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Preview: NPR Topics: Author Interviews

Author Interviews : NPR



NPR interviews with top authors and the NPR Book Tour, a weekly feature and podcast where leading authors read and discuss their writing. Subscribe to the RSS feed.



Last Build Date: Tue, 28 Feb 2017 06:23:00 -0500

Copyright: Copyright 2017 NPR - For Personal Use Only
 



To This Scholar, For-Profit Colleges Are 'Lower Ed'

Tue, 28 Feb 2017 06:23:00 -0500

Tressie McMillan Cottom delves into the hopes and dreams of students outside the traditional college path.



Photographer Builds A 'Photo Ark' For 6,500 Animal Species And Counting

Mon, 27 Feb 2017 13:52:00 -0500

National Geographic photographer Joel Sartore is on a mission to document every captive animal species in the world. He talks about getting an arctic fox to hold still, and Photoshopping out poop.



New Book Focuses On The 'Humanity Of Syria' Lost In The War

Sun, 26 Feb 2017 08:12:40 -0500

Writer Alia Malek's new book is The Home That Was Our Country: A Memoir of Syria. She talks about why she chose to tell the story of Syria through her grandmother's apartment in Damascus.



'The Hate U Give' Explores Racism And Police Violence

Sun, 26 Feb 2017 08:12:39 -0500

In Angie Thomas' novel, Starr Carter lives in a gang-ravaged area and goes to a school where she's one of only a few black students. She talks with Lulu Garcia-Navarro about her book The Hate U Give.



Author Lionel Shriver On Cultural Appropriation And The 'Sensitivity Police'

Sat, 25 Feb 2017 08:28:51 -0500

NPR's Scott Simon talks with author Lionel Shriver about her outspoken views on cultural appropriation and what she feels is oversensitivity of the left.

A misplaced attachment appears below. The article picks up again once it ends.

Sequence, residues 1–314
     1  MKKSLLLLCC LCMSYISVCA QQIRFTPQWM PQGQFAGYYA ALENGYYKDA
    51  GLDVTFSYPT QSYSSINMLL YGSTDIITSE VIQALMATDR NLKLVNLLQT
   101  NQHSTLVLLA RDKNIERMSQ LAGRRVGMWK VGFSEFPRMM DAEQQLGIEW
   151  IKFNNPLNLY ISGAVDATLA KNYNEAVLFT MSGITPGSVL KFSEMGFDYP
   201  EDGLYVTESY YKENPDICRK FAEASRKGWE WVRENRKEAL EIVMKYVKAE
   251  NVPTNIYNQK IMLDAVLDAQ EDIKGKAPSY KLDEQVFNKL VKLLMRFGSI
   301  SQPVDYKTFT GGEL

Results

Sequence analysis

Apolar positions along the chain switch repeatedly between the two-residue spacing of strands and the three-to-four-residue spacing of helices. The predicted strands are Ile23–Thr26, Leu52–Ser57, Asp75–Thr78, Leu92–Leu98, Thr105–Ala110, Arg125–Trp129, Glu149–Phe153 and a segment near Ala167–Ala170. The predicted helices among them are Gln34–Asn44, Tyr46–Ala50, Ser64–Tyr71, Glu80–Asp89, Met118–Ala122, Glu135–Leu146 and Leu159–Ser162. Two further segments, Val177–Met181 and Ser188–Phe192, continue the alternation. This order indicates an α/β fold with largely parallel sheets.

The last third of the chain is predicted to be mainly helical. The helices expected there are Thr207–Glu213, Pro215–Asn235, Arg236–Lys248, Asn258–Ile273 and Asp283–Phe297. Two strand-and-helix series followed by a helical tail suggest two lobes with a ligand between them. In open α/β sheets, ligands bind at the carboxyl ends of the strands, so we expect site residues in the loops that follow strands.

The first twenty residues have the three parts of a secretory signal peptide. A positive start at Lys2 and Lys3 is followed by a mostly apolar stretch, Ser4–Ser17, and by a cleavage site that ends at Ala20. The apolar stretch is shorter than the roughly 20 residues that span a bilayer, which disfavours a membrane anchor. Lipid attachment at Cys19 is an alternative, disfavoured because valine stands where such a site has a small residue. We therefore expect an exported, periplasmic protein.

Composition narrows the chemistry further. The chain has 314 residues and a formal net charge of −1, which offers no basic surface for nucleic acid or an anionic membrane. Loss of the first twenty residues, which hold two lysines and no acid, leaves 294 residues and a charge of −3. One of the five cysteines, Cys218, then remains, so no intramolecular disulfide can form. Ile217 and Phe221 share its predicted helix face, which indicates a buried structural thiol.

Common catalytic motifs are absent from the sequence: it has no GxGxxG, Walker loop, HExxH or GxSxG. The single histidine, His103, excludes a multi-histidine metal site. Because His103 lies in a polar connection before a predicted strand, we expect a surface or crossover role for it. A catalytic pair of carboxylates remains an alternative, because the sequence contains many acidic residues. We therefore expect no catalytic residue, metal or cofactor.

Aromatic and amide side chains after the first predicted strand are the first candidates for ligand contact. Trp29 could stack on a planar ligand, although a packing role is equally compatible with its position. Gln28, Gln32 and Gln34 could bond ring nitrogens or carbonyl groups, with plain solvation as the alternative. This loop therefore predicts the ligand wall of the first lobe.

'Harmless Like You' Is A Story Of How Hurts Are Inherited

Sat, 25 Feb 2017 08:28:51 -0500

NPR's Scott Simon talks to author Rowan Hisayo Buchanan about her debut novel, Harmless Like You, a story of how we inherit pain from our parents, and inevitably pass it to our descendants.



Spread The Word: Butter Has An Epic Backstory

Fri, 24 Feb 2017 09:00:00 -0500

From its origins as a happy accident 10,000 years ago, to its role as the centerpiece of a school "rebellion," the tabletop staple has had quite a life. A new book tells the story.



Cannibalism: It's 'Perfectly Natural,' A New Scientific History Argues

Wed, 22 Feb 2017 10:00:00 -0500

It's gruesome, but from a scientific standpoint, there's a predictable calculus for when humans and animals go cannibal, a new book says. And who knew European aristocrats ate body parts as medicine?



Are Cyborgs In Our Future? 'Homo Deus' Author Thinks So

Tue, 21 Feb 2017 17:04:00 -0500

Yuval Noah Harari expects we'll soon engineer our bodies in the same way we design products. "I think in general medicine ... will switch from healing the sick to upgrading the healthy," he says.



What A Classic '50s Western Can Teach Us About The Hollywood Blacklist

Tue, 21 Feb 2017 14:58:00 -0500

Author Glenn Frankel says the 1952 film High Noon was inspired by the toxic political climate of the time. "People ... felt they want to get their country back," Frankel says.



'#Republic' Author Describes How Social Media Hurts Democracy

Mon, 20 Feb 2017 16:40:00 -0500

NPR's Kelly McEvers speaks to Cass Sunstein about his new book, #Republic: Divided Democracy in the Age of Social Media. He says democracy needs people to come across a variety of viewpoints, and much of social media limits that exposure.



In 'Captured,' Democratic Senator Decries Money's Role In Politics

Mon, 20 Feb 2017 16:40:00 -0500

NPR's Ari Shapiro talks with Democratic Sen. Sheldon Whitehouse of Rhode Island about his new book, Captured: The Corporate Infiltration of American Democracy.



An Irish Immigrant Fights On The Great Plains In 'Days Without End'

Mon, 20 Feb 2017 13:51:00 -0500

The protagonist of Sebastian Barry's new novel is conscripted right off the boat as the price of American citizenship. Eventually he finds love and companionship with one of his fellow soldiers.



Uncovering Presidential Secrets, From Washington To Trump

Mon, 20 Feb 2017 13:51:00 -0500

Author Mary Graham discusses the confidences that presidents keep. When it comes to President Trump, she says: "I think we're seeing that it's not possible to keep policies secret in the digital age."



Imagining The Present As The Future Of The 1950s

Sun, 19 Feb 2017 07:58:02 -0500

Elan Mastai grew up fascinated by the 1950s sci-fi books. He talks with Lulu Garcia-Navarro about his novel All Our Wrong Todays that imagines a world with jet packs and flying cars.